Descendants of Slain Police Chief and Lynched Italian Unite in New Orleans

May 27, 2019 499

BY: Marianna Gatto

On April 12, 2019, the city of New Orleans issued an official apology for its role in the 1891 lynching of eleven Italian Americans who had been tried and acquitted in the murder of the city’s police chief, David Hennessy. Gunned down while walking home on a rainy evening in October 1890, Hennessy allegedly stated that “dagoes” had attacked him. In the days following Hennessy’s death, upwards of 250 of the city’s Italian Americans were arrested, and nineteen men—the youngest only 14 years old—were indicted for murder.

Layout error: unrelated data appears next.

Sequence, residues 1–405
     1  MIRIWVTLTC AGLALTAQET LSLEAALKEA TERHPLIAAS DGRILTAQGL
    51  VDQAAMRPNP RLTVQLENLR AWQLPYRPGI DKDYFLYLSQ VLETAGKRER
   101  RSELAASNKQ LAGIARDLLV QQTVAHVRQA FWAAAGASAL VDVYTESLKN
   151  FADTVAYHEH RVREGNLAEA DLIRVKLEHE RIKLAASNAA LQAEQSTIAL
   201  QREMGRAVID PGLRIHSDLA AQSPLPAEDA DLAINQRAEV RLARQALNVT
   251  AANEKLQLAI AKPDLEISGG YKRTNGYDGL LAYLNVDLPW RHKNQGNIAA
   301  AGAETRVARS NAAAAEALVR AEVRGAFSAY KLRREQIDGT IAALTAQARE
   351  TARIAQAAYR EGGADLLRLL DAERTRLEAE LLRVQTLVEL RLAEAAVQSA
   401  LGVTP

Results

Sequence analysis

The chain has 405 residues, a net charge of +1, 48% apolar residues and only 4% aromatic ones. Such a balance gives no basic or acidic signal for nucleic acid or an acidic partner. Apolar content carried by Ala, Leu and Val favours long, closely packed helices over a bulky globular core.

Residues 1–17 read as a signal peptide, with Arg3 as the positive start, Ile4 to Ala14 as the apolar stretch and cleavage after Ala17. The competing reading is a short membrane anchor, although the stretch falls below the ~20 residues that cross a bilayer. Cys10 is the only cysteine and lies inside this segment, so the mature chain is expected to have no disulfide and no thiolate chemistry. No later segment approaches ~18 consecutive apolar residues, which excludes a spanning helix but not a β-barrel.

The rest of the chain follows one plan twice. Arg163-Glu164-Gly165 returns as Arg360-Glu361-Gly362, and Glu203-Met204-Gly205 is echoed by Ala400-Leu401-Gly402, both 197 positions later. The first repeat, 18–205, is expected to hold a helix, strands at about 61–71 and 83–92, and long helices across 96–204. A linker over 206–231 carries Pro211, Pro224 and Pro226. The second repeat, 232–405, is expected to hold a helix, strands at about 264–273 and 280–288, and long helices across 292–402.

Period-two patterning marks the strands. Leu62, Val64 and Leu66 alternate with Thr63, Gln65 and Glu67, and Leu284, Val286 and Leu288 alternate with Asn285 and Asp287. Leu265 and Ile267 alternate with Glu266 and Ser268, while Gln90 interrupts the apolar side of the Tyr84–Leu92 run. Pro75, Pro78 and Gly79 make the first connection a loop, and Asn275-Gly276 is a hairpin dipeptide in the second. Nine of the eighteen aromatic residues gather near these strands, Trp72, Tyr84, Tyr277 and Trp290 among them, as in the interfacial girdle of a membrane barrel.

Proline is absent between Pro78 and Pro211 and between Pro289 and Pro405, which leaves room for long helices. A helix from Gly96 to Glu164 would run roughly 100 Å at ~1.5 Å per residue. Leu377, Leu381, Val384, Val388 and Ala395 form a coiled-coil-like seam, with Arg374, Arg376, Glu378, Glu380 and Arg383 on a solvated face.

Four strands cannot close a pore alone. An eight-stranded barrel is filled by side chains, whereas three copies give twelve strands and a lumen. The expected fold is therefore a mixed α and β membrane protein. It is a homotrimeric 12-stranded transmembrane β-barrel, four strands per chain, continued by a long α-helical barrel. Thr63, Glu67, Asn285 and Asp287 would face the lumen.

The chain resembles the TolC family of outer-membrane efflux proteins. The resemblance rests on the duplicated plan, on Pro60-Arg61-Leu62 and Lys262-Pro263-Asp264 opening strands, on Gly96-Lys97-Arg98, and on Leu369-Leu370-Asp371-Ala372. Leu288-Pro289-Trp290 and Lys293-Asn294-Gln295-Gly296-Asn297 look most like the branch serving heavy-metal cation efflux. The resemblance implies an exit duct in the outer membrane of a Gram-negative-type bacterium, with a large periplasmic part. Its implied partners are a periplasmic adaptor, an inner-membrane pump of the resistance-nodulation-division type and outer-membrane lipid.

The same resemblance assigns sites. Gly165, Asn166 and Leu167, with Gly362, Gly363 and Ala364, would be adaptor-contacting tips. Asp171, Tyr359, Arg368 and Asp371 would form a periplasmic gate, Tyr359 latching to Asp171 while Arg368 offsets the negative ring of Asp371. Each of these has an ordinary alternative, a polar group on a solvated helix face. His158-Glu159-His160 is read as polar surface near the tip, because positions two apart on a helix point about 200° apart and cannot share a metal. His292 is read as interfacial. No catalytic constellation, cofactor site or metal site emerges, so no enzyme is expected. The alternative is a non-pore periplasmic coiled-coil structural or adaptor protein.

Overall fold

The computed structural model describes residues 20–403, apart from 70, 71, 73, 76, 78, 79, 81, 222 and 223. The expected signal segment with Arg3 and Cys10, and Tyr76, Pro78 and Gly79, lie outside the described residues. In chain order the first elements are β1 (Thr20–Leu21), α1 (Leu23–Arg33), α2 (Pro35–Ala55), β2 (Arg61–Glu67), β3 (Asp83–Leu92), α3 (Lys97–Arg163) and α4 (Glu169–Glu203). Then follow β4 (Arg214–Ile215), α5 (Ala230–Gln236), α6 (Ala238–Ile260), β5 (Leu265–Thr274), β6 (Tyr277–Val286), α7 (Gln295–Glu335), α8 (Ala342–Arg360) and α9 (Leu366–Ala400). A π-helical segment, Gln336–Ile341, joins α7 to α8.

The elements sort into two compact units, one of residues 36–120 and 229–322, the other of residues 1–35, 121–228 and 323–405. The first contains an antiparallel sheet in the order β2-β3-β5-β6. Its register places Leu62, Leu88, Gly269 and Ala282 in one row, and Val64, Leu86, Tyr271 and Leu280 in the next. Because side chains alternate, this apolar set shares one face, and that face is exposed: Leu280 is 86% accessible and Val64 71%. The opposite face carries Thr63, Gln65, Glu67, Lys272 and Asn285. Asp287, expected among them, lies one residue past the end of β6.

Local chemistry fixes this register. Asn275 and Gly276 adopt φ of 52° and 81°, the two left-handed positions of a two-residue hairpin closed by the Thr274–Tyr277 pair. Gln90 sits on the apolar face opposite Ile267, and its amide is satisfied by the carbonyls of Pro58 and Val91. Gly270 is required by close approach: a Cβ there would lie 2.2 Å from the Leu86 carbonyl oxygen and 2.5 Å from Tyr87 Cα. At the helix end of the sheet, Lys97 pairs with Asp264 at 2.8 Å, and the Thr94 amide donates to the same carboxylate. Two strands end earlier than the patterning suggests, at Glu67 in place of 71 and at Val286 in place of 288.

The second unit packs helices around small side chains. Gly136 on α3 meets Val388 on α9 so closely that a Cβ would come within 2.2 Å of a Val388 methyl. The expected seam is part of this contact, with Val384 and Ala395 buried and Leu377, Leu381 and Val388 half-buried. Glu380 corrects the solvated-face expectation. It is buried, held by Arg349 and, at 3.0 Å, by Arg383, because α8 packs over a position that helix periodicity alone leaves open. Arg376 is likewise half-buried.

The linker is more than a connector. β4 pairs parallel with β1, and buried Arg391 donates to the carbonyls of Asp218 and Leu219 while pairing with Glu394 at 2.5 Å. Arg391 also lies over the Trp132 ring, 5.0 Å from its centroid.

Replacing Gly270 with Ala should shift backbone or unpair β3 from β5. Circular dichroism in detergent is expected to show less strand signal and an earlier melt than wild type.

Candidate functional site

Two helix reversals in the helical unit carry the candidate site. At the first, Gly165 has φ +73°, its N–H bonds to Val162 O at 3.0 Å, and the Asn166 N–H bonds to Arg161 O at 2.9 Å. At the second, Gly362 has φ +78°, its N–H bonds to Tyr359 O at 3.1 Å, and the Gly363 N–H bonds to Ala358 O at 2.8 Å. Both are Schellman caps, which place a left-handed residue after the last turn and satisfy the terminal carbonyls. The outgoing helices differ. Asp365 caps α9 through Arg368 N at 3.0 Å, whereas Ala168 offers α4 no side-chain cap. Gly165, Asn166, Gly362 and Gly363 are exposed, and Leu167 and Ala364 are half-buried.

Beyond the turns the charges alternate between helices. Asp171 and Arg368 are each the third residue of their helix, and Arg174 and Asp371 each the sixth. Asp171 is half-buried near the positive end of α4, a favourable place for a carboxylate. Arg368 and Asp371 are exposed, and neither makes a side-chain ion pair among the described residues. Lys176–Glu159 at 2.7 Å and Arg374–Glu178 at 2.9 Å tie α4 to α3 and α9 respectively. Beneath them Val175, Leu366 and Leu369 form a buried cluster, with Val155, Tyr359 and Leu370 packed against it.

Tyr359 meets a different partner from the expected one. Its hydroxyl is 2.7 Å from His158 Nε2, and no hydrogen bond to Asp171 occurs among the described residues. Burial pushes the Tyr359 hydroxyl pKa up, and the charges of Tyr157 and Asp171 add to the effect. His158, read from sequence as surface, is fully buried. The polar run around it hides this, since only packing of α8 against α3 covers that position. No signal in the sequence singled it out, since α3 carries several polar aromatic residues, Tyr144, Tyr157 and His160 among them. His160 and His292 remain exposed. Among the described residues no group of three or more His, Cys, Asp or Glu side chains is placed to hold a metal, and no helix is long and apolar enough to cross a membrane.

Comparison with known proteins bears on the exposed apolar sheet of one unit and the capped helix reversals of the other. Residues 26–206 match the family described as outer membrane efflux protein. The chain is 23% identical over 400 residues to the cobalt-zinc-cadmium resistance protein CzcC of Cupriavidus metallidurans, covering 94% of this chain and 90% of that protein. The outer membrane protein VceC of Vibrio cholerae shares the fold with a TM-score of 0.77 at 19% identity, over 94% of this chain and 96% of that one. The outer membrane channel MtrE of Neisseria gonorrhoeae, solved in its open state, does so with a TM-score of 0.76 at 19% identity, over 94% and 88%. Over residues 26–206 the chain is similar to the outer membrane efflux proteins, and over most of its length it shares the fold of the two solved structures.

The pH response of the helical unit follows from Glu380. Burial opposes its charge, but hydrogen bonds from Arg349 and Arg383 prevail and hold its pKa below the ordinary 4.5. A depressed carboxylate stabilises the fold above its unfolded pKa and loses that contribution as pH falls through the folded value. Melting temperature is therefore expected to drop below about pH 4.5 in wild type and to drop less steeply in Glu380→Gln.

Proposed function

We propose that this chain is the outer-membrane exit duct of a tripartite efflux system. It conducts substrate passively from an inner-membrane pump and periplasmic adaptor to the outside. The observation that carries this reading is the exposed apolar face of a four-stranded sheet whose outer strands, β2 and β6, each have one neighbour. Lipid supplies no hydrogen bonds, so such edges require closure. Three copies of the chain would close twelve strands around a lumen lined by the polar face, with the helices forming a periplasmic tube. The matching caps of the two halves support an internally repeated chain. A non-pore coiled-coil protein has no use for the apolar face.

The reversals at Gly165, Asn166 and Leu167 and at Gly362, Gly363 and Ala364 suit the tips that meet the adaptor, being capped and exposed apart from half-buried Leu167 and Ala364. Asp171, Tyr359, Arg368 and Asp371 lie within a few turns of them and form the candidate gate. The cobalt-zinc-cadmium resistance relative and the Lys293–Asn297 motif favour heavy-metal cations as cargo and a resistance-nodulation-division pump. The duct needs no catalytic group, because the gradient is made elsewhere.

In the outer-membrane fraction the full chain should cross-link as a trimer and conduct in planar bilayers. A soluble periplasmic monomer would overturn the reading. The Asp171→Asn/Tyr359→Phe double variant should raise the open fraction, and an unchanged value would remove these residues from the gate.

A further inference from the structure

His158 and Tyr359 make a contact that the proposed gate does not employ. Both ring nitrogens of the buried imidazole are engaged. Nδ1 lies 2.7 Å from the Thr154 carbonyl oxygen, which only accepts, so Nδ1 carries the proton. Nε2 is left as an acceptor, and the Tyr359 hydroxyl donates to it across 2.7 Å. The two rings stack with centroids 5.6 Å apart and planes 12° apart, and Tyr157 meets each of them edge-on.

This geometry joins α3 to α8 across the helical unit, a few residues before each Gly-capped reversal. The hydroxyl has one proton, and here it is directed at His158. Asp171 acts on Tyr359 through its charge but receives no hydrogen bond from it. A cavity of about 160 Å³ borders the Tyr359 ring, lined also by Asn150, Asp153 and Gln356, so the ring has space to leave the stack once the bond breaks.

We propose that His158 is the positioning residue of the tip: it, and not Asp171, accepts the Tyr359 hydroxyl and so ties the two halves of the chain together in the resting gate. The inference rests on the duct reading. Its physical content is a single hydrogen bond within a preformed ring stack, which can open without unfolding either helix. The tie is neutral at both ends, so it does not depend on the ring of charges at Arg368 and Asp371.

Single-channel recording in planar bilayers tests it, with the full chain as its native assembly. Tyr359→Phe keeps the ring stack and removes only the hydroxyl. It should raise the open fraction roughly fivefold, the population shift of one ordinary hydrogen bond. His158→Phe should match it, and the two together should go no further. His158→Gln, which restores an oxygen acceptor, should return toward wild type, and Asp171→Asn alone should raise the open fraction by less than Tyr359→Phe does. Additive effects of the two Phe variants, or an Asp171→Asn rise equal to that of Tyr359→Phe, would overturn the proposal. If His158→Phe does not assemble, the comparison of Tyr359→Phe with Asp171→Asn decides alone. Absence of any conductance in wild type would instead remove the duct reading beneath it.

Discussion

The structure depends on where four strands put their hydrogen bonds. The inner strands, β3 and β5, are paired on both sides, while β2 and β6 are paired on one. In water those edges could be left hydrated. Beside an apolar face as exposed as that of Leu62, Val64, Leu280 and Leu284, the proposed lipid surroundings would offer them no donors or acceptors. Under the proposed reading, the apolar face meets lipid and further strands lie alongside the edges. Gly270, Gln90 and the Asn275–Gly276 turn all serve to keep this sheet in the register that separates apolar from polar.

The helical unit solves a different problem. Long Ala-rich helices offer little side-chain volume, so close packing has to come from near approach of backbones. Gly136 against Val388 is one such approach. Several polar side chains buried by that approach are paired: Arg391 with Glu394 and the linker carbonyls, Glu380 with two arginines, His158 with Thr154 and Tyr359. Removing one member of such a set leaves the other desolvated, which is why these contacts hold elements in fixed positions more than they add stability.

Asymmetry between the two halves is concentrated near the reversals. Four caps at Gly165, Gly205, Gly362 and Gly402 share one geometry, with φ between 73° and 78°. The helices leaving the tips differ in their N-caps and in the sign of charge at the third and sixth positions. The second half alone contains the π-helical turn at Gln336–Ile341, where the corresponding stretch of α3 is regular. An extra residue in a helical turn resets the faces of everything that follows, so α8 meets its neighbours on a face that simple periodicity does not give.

A trial for nine of the suspects began in February 1891. Much of the evidence and testimony provided at the month-long trial was weak, contradictory, and overwhelmingly circumstantial. On March 13, 1891, a jury acquitted six of the men and declared a mistrial in the cases against another three.

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